George Lakoff, a linguistics professor with the University of California at Berkeley, teaches that the way to win an argument is to control how the argument is described.
The note on Microsoft below reminds me of a very important verbal frame through which open source is losing the argument.
The frame is: intellectual property.
Lawyers who argue in court for expanded copyright, for eternal terms and total control, all call themselves "intellectual property" lawyers.
There is no such thing. A copyright is not a piece of land. Like a patent, it's a limited right, granted for a limited term, with a limited purpose -- to encourage the creation of more stuff.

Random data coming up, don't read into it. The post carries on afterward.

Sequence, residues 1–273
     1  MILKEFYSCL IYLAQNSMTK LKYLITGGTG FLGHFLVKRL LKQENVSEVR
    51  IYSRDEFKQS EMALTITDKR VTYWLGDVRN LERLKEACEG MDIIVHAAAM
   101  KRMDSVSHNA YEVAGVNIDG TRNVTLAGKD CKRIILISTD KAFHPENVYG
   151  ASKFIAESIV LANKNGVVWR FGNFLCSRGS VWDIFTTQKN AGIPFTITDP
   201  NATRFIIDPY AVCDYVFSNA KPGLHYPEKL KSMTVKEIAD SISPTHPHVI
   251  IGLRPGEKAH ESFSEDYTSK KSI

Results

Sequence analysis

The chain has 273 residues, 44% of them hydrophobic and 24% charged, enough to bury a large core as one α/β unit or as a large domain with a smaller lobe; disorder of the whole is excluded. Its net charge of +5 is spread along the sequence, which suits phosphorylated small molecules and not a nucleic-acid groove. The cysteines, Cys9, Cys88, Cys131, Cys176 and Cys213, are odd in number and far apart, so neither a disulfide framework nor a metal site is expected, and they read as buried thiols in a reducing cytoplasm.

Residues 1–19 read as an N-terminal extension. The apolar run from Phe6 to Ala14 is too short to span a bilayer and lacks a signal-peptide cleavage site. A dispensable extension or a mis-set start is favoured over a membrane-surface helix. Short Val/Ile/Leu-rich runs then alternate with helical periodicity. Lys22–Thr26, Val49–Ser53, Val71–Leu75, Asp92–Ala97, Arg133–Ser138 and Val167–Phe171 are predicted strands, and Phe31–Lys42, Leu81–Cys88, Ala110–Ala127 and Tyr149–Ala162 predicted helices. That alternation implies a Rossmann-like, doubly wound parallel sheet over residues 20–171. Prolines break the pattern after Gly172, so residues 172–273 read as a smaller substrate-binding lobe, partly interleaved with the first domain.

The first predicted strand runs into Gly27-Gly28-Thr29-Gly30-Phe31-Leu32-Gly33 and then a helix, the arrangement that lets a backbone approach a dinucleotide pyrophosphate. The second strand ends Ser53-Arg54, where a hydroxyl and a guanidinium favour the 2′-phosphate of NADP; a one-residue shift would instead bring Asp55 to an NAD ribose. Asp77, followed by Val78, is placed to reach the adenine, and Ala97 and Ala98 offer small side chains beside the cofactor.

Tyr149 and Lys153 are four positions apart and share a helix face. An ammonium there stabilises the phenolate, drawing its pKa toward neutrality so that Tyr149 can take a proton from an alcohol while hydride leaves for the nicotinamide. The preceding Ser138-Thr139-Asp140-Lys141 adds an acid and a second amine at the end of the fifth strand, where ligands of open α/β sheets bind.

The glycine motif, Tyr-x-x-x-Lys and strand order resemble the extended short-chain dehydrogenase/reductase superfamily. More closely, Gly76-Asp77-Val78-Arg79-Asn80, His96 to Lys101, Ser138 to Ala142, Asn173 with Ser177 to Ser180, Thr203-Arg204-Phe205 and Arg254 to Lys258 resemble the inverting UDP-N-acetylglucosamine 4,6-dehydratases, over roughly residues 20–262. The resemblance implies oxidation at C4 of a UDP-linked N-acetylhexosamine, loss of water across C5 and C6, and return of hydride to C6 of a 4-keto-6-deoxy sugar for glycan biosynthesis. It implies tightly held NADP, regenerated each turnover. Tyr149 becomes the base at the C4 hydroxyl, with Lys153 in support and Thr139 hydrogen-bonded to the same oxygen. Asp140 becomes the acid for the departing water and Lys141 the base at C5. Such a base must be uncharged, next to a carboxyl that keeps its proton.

By using the term "intellectual property" as Microsoft does, any alleged copyright infringement becomes the taking of property.
This is a frame open source advocates need to change. Actually they need to change it back. Because before the 1997 DMCA these lawyers were "copyright lawyers," or "patent lawyers."
Language has power. Open source advocates need to recognize this power, respect this power, and use it.